Mutations that impair NADPH oxidase function have been linked to CGD (2
), and recent genetic studies have identified associations between ileal CD and genomic regions containing NADPH oxidase genes (9
). We investigated the role of the p40phox
subunit in intestinal homeostasis using gene-targeted mice and demonstrated that mice lacking the p40phox
subunit of NADPH oxidase are more susceptible to DSS-induced colitis. In addition, p40phox
-deficient mice showed enhanced neutrophil infiltration, a hallmark of both inflammatory bowel disease (IBD) and CGD (34
). We report the first evidence that NAPDH oxidase deficiency is crucial for the resolution phase, rather than the acute phase, of inflammation. Previous studies of DSS colitis that used genetically deficient mice for other NADPH oxidase subunits have reported different outcomes in their models (15
). Krieglstein et al.
demonstrated that the absence of p47phox
had no effect on colitis severity and colonic myeloperoxidase production after 7 days of 3% DSS treatment. Furthermore, through the use of an iNOS inhibitor, the investigators showed that in the absence of p47phox
and iNOS, animals were protected from DSS colitis (16
). On the other hand, Bao et al.
reported less colonic tissue damage and reduced myeloperoxidase levels after 7 days of 2.5% DSS in gp91phox
-deficient mice compared to WT (15
). Although these studies have reported that susceptibility to DSS colitis is not affected by p47phox
deficiency and is lessened in the absence of gp91phox
, we hasten to note that the recovery phase of inflammation was not investigated in these studies (15
In this study, we show that the absence of p40phox
mice enhances susceptibility to anti-CD40-induced colitis, suggesting that ROS in the innate compartment is essential during intestinal inflammation. However, in p40phox−/−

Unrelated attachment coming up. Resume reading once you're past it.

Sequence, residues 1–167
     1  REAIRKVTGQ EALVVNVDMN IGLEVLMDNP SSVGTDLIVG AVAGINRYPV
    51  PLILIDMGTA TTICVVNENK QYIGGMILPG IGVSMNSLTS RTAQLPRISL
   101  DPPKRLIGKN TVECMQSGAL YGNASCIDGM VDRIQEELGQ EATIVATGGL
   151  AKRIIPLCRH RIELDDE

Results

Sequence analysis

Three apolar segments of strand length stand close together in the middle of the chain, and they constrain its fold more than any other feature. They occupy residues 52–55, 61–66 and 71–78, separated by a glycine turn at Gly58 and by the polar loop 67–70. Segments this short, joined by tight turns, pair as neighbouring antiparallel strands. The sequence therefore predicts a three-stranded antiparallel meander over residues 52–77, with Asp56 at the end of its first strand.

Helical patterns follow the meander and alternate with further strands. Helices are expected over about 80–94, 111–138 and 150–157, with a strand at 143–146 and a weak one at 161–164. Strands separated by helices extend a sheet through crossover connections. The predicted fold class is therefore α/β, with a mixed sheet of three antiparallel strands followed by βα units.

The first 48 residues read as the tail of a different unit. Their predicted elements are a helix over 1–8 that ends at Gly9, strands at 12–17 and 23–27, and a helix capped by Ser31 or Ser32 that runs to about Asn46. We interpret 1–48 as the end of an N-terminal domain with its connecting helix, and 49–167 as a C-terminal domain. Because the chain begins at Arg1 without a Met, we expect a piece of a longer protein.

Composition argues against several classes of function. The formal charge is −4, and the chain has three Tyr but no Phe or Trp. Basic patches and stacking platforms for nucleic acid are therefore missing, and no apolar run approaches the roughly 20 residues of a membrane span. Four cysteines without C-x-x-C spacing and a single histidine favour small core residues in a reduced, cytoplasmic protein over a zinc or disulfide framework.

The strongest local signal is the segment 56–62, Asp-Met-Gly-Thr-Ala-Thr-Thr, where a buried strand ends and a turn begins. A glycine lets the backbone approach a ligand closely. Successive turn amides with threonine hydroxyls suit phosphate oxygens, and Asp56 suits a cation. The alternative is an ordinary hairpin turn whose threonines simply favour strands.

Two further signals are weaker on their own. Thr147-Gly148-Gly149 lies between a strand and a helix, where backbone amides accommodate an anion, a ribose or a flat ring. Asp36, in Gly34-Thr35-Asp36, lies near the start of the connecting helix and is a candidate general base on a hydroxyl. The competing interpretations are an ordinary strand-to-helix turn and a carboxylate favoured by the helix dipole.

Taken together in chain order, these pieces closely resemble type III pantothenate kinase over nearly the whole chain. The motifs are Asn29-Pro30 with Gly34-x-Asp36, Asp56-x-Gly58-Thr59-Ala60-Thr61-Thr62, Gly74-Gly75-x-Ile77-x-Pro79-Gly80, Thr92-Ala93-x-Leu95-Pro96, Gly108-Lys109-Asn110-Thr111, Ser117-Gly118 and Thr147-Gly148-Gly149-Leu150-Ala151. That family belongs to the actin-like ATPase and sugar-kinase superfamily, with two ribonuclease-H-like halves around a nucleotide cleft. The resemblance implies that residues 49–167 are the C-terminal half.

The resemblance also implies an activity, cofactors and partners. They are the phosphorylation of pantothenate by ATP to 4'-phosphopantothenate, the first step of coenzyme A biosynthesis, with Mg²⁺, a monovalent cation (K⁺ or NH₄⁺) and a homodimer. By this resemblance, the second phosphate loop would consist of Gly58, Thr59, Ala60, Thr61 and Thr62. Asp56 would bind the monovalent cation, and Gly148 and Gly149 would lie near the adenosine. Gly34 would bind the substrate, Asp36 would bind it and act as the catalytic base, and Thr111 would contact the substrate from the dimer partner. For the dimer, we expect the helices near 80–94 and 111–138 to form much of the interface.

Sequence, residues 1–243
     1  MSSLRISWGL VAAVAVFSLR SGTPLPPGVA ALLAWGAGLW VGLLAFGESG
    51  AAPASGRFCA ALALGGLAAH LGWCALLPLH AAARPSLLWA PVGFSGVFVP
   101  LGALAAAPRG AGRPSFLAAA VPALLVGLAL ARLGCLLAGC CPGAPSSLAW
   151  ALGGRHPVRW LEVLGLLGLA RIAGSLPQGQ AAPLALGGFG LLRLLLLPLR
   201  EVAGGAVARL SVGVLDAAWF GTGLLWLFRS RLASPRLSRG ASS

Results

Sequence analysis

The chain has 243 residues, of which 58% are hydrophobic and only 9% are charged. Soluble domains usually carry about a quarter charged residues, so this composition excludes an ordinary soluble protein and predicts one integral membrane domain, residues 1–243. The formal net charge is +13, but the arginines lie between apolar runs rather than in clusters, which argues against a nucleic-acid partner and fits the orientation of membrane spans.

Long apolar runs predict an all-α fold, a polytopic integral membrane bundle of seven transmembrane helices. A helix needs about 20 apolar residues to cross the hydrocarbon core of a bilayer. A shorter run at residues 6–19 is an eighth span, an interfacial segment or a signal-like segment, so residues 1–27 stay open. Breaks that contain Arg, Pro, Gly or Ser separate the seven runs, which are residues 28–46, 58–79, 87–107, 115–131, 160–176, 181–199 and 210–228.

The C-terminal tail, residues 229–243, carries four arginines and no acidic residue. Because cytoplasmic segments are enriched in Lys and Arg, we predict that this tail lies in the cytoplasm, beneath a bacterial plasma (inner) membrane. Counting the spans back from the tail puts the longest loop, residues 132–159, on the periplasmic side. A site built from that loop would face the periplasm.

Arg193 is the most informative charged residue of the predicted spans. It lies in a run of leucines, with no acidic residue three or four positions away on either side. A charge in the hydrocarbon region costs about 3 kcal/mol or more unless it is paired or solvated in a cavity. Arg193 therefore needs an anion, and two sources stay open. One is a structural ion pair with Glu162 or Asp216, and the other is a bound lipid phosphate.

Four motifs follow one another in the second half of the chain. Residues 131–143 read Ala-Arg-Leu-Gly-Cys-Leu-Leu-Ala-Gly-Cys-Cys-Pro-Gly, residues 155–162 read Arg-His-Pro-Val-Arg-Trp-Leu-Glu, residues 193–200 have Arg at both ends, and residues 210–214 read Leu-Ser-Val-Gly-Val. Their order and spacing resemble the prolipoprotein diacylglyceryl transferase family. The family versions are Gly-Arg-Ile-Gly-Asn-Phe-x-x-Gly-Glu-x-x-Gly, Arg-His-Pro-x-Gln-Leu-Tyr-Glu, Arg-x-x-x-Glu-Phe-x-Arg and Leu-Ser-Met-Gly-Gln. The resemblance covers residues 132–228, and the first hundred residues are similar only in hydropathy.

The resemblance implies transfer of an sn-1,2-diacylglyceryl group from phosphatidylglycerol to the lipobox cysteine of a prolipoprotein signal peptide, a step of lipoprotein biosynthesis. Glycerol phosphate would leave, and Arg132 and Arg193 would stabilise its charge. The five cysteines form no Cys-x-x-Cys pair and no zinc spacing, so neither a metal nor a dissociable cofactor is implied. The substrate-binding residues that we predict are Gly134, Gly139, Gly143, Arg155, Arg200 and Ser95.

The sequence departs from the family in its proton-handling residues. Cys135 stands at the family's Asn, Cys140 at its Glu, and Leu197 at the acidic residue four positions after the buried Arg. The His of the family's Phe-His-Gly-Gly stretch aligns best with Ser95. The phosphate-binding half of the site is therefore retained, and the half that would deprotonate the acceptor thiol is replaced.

DKO mice, DSS-induced inflammation was less severe than in p40phox−/−
mice, implying a contribution from lymphocytes. Given that NAPDH oxidase activity has recently been shown to play a role in T cell differentiation and activation, p40phox
-deficient mice may have altered T cell responses in addition to the neutrophil phenotype. p47phox
deficiency has been associated with impaired T regulatory cell induction (44
) and increased IL-23 and TH
17 response (44
). Indeed, we observed 50% fewer peripheral T regulatory cells in p40phox−/−
mice than in WT mice (data not shown). While our data highlight an important role for p40phox
in neutrophils, we recognize that NAPDH oxidase activity may affect other components of the inflammatory response.
We demonstrate that neutrophil infiltration in p40phox−/−
mice is coincident with greater inflammation during DSS challenge. However, despite greater numbers of recruited lamina propria neutrophils in p40phox−/−
mice during DSS, the ROS-deficient phagocytes are unable to control infiltrating bacteria, as demonstrated by greater bacterial translocation to peripheral lymph nodes. This inability to efficiently kill microbes during DSS colitis may contribute to the exacerbated inflammation described in this NADPH oxidase-deficient model. During inflammation, ROS produced by neutrophils are thought to not only assist in anti-bacterial clearance but also to damage surrounding tissue (33
). However, mice deficient in the neutrophil chemokine Cxcl1 fail to recruit neutrophils during DSS colitis and show more severe symptoms, highlighting a role for neutrophils in restoring mucosal barrier integrity (46
). In order to address whether neutrophils are necessary for recovery from DSS- and/or anti-CD40-induced colitis, as well as to establish whether p40phox−/−
neutrophils are pathogenic, we performed in vivo
neutrophil depletion experiments. Depletion of WT neutrophils increased disease severity and induced 100% mortality by day 10 during DSS colitis and by day 4 during anti-CD40 colitis, suggesting that neutrophils are important in the resolution of intestinal inflammation. Neutrophil depletion in p40phox−/−
mice treated with DSS, however, induced no significant differences in weight loss and inflammation compared to their p40phox−/−
neutrophil-replete counterparts, suggesting that an inflammatory threshold had already been met in the absence of ROS. Previous reports using the RP-3 monoclonal antibody suggested that neutrophil depletion in WT rats suppresses DSS colitis; however, this antibody targeted the Gr1 antigen which consists of both Ly-6G and Ly-6C molecules and therefore depleted not only neutrophils but also a subset of macrophages. Thus, we propose that the observed differences may be due to the depletion of several immune populations in previous studies and/or the kinetics of antibody administration (47